The Seventh Circuit Court of Appeals has affirmed a jury’s $4.3 million award to the estate of a pretrial detainee. The jurors found that guards at the jail in Cook County, Illinois were deliberately indifferent to the detainee’s serious medical needs, resulting in his death.
Less than a week after his arrival at the notoriously overcrowded Cook County jail on April 24, 2004, Norman Smith, 32, died from pneumococcal meningitis. He was being held pending trial on a charge of possession of a controlled sub-stance.
Routine medical intake by the jail’s private healthcare provider, Cermak Health Services (Cermak), revealed only that Smith had elevated blood pressure, for which he received a week’s supply of medication. However, Smith’s cellmate and other detainees painted a very different picture.
The cellmate, Carlos Matias, said that Smith demonstrated symptoms of illness from the first day he arrived at the jail. He appeared to be dizzy, began vomiting and asked Matias to submit a medical request for him.
Over the next several days Smith’s condition rapidly deteriorated. He was unable to hold down food or maintain conversations with other prisoners. Requests for medical assistance by both Smith and other detainees on his behalf were ignored and no action was taken, assuming the request forms were even collected by Cermak staff.
On April 30, 2004, Matias awoke to find Smith convulsing on the floor. It was an hour later before Smith was finally removed from the cell, which required help from other prisoners because there was insufficient staff on hand to carry him up the stairs on a gurney. He died later that day due to pneumococcal meningitis, a treatable condition.
Smith’s mother, Marlita Thomas, sued Cook County, the Cook County Sheriff, and jail guards Jesus Facundo, Alex Sanchez and Terrence Toomey. The case went to trial in December 2007, and the jury awarded a total of $4,450,000 in damages against the defendants. The U.S. District Court reduced the award to $4.15 million on a motion for remittitur, plus $598,825 in attorney’s fees and $22,839.80 in costs. [See: PLN, Dec. 2008, p.36].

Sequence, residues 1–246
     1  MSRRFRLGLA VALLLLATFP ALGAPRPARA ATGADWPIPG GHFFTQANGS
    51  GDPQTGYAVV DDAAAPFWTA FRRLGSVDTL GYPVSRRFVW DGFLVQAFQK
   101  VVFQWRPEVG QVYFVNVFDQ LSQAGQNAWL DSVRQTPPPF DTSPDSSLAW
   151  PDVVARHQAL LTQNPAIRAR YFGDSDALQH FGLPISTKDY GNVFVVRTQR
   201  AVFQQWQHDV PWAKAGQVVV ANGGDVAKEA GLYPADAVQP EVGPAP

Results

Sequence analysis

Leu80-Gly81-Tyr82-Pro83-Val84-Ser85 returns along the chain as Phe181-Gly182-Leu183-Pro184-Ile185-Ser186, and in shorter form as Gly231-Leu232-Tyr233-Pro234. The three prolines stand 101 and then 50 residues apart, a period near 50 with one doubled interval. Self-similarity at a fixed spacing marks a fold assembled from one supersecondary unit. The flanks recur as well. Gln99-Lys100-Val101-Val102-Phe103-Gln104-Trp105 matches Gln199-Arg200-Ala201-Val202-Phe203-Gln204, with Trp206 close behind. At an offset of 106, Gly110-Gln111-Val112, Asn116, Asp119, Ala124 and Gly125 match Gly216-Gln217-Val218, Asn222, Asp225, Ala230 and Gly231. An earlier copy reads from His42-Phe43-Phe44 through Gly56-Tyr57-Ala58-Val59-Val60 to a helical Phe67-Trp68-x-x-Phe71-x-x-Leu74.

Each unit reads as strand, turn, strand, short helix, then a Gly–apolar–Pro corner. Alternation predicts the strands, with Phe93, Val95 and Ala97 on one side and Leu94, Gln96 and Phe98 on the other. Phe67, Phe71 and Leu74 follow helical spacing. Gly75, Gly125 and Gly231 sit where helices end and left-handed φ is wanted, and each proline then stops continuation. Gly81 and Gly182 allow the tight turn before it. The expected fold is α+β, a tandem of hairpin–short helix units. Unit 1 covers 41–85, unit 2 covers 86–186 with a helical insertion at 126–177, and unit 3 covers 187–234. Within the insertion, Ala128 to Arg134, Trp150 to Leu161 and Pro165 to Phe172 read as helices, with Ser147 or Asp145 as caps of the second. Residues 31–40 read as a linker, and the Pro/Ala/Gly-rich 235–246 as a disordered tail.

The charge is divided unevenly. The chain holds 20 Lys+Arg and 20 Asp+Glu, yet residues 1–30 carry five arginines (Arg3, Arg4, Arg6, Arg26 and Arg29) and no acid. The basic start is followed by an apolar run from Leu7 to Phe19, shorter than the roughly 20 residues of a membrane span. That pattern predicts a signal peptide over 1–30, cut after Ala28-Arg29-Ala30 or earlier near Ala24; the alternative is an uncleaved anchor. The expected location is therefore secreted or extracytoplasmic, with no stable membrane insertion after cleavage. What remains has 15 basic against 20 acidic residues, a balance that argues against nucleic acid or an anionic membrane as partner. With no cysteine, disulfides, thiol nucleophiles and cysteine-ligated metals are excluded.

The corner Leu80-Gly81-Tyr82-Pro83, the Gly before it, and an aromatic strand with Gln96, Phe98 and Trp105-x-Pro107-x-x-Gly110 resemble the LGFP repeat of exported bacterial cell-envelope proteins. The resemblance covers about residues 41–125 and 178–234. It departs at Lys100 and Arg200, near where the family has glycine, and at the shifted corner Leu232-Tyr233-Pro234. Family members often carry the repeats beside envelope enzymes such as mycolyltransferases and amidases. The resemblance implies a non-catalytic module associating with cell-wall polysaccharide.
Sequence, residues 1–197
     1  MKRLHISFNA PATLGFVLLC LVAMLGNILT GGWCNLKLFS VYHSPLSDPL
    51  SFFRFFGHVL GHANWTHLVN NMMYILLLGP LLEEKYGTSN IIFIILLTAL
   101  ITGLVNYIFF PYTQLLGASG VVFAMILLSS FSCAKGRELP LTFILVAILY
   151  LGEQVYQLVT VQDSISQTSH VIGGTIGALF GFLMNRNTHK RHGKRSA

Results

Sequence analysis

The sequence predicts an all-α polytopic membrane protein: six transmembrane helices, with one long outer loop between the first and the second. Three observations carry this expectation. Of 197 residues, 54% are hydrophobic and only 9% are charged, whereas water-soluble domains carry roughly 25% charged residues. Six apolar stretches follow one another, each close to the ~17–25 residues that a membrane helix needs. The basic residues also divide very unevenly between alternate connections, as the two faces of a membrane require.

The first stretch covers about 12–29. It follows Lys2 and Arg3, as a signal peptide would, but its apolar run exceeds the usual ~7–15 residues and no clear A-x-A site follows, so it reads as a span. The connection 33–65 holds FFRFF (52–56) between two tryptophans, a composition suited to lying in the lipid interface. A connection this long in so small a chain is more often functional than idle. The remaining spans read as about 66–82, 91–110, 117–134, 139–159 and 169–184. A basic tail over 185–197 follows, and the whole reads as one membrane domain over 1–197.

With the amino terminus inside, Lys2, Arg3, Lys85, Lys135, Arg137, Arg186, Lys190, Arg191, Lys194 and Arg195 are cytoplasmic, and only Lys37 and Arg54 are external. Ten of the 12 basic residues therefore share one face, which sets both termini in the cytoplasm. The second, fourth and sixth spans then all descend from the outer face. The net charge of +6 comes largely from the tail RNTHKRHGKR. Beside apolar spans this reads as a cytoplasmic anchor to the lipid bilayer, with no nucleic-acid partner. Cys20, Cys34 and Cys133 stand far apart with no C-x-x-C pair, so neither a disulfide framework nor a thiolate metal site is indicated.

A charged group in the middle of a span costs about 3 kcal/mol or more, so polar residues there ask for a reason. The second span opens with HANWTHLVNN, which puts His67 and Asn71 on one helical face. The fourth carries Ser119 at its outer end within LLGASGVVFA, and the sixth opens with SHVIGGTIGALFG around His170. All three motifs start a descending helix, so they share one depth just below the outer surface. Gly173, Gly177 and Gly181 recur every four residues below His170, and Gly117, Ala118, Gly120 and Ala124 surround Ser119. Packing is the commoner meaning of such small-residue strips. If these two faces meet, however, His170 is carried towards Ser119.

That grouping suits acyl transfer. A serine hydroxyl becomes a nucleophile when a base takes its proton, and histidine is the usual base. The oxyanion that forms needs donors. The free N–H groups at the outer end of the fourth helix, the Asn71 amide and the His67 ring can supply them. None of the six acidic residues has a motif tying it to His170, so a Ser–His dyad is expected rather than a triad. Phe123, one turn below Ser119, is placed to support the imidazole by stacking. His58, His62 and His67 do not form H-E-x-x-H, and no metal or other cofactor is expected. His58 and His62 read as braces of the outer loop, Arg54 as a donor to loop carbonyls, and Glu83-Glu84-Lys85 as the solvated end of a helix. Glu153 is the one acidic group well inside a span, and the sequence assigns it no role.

On appeal, the defendants argued the verdict was not supported by evidence or law. The Seventh Circuit disagreed, stating, “The evidence suggests the officers were aware of Smith’s health, either from the inmates’ complaints, or from his visible symptoms.” Moreover, “Smith was lying on the floor in front of the cell – which would have placed him in the direct path of officials when performing their rounds.”
The evidence against Cook County showed a “practice of not retrieving medical requests on a daily basis.” While the jury verdict against the county was affirmed by the Court of Appeals, the verdict against the Sheriff, based on a policy of understaffing, was reversed. There was sufficient staff at the jail, but the guards failed to take “the steps necessary to investigate and ensure that Smith received medical attention.”
Although the case was remanded to the district court to enter judgment in the Sheriff’s favor, that in no way altered the monetary award because removal of the Sheriff from the list of defendants did “not affect the amount of damages to which the plaintiff is entitled,” the appellate court wrote. “That amount remains the same because it is tied to the injury itself.”
The jury’s verdict was affirmed in all respects except as to the Sheriff’s liability. The Seventh Circuit issued an amended decision on May 3, 2010, superseding its original opinion after the defendants’ petition for rehearing and rehearing en banc was denied, but the outcome was the same. See: Thomas v. Cook County Sheriff’s Department, 604 F.3d 293 (7th Cir. 2010).
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Related legal case
Thomas v. Cook County Sheriff’s Department
|Cite||604 F.3d 293 (7th Cir. 2010)|
|Level||Court of Appeals|